At a special School Board meeting held on April 25, the issue of whether or not there is a need to adjust school site capacity was discussed.
Site capacity standards were reviewed due to the District’s ongoing 20-year Facilities Master Plan process. The purpose of the plan is to establish policies and priorities and to identify projects that will build upon the seven initiatives that were identified in the District’s Strategic Plan that was developed in 2002. The seven initiatives are abundant resources; curriculum; differentiated learning; equity and equality of education; optimal class size, schools as community centers; and universal access to quality early childhood education, family support programs and after school care.
The Applied Management and Planning Group developed the District standards for individual school site enrollment 10 years ago. For elementary school sites enrollment was projected to be from 500-600 students, for middle school sites it was 800-1,000 and for high schools it was 3,000. Standards were not set for a continuation high school or a community day school.
Superintendent Dianne Talarico told the Board, “Part of our struggle with capacity…is that things have changed in terms of the number of children in classrooms,” especially because of the change in state law for class size reduction at the elementary school level.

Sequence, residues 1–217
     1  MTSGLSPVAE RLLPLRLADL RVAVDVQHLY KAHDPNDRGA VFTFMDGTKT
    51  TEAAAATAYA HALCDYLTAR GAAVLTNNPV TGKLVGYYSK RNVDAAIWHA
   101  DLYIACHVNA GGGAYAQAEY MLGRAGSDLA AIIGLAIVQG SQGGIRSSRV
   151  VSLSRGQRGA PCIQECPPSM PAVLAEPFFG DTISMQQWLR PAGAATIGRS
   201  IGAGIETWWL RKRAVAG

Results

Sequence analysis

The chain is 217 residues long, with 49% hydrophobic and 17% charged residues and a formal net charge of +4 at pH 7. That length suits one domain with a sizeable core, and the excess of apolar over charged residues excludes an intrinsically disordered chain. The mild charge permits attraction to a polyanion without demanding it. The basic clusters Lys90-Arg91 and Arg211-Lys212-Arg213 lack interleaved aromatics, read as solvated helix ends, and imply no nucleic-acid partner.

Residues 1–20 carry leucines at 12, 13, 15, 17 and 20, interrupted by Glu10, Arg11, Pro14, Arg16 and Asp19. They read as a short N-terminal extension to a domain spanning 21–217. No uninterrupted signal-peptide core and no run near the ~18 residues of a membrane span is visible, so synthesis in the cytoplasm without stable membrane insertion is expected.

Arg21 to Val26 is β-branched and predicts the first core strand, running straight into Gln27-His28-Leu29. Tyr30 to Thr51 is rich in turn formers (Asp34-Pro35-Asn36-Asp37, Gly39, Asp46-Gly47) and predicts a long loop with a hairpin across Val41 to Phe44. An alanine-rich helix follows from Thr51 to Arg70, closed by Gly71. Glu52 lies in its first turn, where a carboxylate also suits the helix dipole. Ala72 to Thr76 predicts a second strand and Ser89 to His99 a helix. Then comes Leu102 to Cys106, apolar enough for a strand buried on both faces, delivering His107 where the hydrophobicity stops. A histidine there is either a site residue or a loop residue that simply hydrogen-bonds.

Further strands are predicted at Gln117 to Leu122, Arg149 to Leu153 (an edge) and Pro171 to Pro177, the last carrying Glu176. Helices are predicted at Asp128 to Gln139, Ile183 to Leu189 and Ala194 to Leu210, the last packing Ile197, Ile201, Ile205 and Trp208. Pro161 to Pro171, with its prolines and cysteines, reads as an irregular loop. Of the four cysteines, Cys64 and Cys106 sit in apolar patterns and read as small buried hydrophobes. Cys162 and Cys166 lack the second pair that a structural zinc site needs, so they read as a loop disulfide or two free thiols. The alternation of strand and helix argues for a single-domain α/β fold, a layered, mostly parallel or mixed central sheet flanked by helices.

According to the District staff report, enrollment has gone up and down over the last 10 years. In the 1997-1998 academic year, enrollment was at 11,534 students. It then peaked in the 2003-2004 academic year at 12,842 students, and this year it is at 11,902 students.
District staff suggested increasing the range for the elementary school sites to 600-800 students and 800-1,200 students for the middle school sites. They did not feel the enrollment number for the high schools should be increased more than the current maximum of 3,000 students. They also suggested numbers for the two grade levels which did not have projections in 1997: 100-300 students for a continuation high school and 25-50 students for a community day school.
The District’s Director of Purchasing, Virginia Hyatt, stated the District projections were based upon “growth at Lincoln Middle School and at the elementary school sites.”
Superintendent Talarico added that District officials “don’t envision any elementary school in the District growing to 1,000 students.”
Board members were more comfortable setting a maximum capacity for each site rather than a range, but a specific decision was not made as to what those numbers should be. Board member Jose Escarce explained that enrollment depends on demographics, permits for kids from within and outside the District and parents deciding to send their kids to private rather than public schools.